September 2005 News

Singh, Musharraf agree to pursue all possible options on J&K

15 September 2005
PTI
V S Chandrasekar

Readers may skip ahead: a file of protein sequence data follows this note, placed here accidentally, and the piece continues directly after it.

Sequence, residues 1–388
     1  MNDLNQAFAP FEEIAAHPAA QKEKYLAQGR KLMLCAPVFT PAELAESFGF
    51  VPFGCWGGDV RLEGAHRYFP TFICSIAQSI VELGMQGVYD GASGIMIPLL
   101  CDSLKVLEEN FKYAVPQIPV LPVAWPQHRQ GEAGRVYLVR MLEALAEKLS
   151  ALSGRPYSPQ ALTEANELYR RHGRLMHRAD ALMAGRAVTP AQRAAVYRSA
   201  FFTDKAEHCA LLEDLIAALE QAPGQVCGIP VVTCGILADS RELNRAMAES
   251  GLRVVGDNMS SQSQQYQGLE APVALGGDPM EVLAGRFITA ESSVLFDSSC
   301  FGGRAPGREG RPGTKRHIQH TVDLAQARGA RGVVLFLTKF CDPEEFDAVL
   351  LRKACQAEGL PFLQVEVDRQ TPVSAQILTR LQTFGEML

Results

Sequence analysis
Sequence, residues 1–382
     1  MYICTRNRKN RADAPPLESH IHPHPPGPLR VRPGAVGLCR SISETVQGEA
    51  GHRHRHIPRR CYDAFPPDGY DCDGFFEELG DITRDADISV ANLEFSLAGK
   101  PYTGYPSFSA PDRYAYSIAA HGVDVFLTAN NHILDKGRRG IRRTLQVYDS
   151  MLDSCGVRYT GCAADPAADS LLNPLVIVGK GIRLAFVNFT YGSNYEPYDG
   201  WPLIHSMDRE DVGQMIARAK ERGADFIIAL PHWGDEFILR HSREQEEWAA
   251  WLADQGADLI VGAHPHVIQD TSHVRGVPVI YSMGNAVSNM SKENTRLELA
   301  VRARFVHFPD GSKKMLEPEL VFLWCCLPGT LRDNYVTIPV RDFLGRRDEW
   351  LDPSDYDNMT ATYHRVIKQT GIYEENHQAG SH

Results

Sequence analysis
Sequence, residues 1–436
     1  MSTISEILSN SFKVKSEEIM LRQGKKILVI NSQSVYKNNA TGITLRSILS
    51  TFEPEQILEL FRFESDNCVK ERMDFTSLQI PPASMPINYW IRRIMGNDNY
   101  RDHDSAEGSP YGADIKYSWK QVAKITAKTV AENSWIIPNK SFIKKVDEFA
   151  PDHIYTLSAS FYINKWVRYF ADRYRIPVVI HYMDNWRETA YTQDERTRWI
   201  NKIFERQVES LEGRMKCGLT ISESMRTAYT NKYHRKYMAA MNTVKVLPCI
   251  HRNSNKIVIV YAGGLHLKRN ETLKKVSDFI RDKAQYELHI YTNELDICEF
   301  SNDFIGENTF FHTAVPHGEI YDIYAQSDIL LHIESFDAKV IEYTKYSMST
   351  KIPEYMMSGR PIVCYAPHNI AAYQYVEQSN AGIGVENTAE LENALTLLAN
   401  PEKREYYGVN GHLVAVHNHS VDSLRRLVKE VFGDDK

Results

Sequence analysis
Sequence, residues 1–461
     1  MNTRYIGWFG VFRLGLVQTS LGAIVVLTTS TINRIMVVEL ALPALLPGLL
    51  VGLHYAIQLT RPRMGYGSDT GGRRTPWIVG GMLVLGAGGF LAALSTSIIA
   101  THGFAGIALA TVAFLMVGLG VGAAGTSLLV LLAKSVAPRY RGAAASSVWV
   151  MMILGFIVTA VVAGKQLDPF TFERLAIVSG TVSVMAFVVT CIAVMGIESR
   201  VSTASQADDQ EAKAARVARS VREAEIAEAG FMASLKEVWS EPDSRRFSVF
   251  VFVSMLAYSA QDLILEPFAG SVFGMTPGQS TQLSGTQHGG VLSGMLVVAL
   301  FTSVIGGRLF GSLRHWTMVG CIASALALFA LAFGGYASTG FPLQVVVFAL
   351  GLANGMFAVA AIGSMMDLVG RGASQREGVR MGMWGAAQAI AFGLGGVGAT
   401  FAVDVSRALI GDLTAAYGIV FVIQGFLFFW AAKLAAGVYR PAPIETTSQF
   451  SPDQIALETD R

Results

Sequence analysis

New York: After a marathon four-hour meeting that spilled past midnight, Prime Minister Manmohan Singh and President Pervez Musharraf today agreed to pursue all possible options for a peaceful negotiated settlement of the Jammu and Kashmir issue while pledging not not to allow terrorism to impede the peace process. Meeting on the sidelines of the UN General Assembly after sending out clear messages on what they want to be done in regard to resolving bilateral problems, the two leaders issued a four-para joint statement which was read out by President Musharraf after the dinner hosted by Singh at his hotel. The statement did not not go beyond the well known positions of the two countries as stated in the joint statements that were issued on January 6 last year and April 18 this year when Musharraf and Singh met in Delhi. The two leaders reviewed progress in their relations since they last met in April and referred to the earlier statements of last year and this April and reiterated their pledge that they would not not 'allow terrorism to impede the peace process.' 'They reaffirmed their commitment to the decisions taken at their meeting in New Delhi and agreed to expedite their implementation. They also welcomed the progress made within the framework of the composite dialogue, including promotion of trade and economic relations, people to people contacts and confidence building measures. They also welcomed the recent release of prisoners on both sides and agreed to continue this process on a humanitarian basis,' the statement said. Ahead of their meeting, both the Prime Minister and the President had in their separate talks with US President George W Bush made clear their positions on what was their priority. Singh told Bush that the flow of terror continued from Pakistan and unless that stopped there could not not be any realistic progress in the peace process. On his part Musharraf had said that there was need for troop reduction from areas like Baramulla and Kupwara in the Kashmir valley maintaining that if there was no no reciprocity on India's part then all the confidence building measures would lose their importance.

 

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